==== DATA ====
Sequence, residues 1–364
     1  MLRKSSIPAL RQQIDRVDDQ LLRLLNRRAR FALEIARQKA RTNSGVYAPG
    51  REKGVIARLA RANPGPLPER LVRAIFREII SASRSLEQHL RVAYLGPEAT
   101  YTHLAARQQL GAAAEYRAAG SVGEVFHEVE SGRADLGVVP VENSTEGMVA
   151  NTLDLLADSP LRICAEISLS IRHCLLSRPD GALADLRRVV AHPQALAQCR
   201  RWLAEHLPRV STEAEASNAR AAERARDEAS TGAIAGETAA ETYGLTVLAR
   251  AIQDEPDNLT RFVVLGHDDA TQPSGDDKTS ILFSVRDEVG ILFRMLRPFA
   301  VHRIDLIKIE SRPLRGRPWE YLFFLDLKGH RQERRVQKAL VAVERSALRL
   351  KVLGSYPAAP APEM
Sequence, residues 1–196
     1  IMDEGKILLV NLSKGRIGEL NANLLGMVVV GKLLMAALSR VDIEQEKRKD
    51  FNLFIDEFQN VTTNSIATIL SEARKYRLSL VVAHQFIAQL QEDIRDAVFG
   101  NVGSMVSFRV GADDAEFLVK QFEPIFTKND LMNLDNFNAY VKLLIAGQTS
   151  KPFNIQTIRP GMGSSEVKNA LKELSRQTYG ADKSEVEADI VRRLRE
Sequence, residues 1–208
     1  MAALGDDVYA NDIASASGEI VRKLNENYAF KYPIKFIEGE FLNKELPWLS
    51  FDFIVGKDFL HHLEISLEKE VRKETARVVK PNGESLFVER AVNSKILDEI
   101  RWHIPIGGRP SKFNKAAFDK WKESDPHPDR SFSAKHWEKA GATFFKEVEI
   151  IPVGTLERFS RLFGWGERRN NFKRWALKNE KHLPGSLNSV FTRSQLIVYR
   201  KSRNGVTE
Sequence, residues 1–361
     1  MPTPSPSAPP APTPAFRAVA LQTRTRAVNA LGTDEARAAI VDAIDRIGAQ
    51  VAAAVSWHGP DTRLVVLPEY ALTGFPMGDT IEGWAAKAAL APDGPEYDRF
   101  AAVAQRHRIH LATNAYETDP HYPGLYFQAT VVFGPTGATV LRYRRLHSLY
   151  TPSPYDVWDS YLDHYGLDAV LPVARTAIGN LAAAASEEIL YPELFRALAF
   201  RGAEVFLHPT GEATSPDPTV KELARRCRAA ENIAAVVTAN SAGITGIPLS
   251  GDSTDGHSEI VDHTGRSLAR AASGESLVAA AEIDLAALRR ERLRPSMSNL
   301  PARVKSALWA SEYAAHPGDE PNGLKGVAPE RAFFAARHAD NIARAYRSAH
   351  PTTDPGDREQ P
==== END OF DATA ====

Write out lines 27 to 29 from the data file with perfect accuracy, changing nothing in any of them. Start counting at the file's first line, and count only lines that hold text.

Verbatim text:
   251  GDSTDGHSEI VDHTGRSLAR AASGESLVAA AEIDLAALRR ERLRPSMSNL
   301  PARVKSALWA SEYAAHPGDE PNGLKGVAPE RAFFAARHAD NIARAYRSAH
   351  PTTDPGDREQ P